One of the UK’s most senior Muslim politicians has said that certain values in Muslim communities in parts of Britain were “unacceptable in British society”.
Culture Secretary Sajid Javid, who is of Pakistani origin, told the Daily Telegraph that many British Muslims were ashamed of the views held by certain members of their community about women and the issue of free speech.
"Some of the values that certain people in some communities have, in their attitudes to women or on the question of freedom of expression, are just totally unacceptable in British society”, Mr Javid said.
"I know plenty of people, British Muslims, men and women, who would 100 per cent agree with that, not only out of a sense of shame but also because of the fear of what else might be going on”, he added.
Mr Javid’s comments follow an investigation into the grooming and abuse of young white girls by mainly British Pakistani men in Rotherham, Yorkshire.
The investigation found that senior members of Rotherham Council were reluctant to take action because they were worried about being seen as “racists”.
Mr Javid said that this “political correctness” had led to a failure to crack down on the perpetrators responsible for the sexual abuse of hundreds of girls, some as young as 8.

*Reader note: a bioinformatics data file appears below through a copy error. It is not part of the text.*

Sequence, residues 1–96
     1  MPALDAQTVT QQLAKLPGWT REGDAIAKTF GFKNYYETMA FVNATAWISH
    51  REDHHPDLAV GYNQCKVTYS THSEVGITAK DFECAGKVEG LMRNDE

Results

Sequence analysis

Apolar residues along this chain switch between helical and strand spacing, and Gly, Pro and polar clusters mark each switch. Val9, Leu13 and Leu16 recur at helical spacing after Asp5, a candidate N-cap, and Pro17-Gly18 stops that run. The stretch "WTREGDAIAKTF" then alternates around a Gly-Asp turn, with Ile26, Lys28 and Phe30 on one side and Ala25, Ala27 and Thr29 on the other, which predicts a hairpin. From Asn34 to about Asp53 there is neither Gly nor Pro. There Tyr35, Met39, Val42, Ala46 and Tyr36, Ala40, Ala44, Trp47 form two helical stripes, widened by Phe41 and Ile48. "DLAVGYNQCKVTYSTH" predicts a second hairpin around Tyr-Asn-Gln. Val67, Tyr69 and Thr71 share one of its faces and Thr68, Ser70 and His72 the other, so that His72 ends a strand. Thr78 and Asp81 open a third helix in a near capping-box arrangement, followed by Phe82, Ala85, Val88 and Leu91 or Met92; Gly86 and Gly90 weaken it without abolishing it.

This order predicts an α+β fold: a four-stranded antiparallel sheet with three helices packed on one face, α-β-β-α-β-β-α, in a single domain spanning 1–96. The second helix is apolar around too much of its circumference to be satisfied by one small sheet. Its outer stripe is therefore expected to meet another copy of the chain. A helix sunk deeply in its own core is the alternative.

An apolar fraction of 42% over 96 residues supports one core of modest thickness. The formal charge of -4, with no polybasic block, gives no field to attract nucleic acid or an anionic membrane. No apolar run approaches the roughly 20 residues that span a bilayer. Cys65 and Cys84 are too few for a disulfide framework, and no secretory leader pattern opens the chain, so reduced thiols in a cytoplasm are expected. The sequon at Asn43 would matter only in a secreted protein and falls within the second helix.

“The perpetrators were disproportionately Asian Muslim men, and I absolutely think there has been a misplaced sense of political correctness that prevented authorities, whether social workers or police, from properly investigating what was going on”, Mr Javid said.
The investigation has also revealed that police often dismissed the credibility of victims – many of whom were vulnerable children from poor homes – instead of focussing on those carrying out the crimes.
Rotherham is but one of the towns where such abuse is said to have taken place. Similar grooming gangs have been uncovered in Oxford and Rochdale.
Mr Javid called on communities and authorities to “get to the bottom of this” and look into "what might be going on that we don’t know about".
"If we are to learn proper lessons from this, we have to look at the cultural side of some communities in Britain and see why it is that in some communities there are men that have a view of women that is completely unacceptable in modern British society; why do they have such a low value of women that they see them as commodities to be abused?", he said.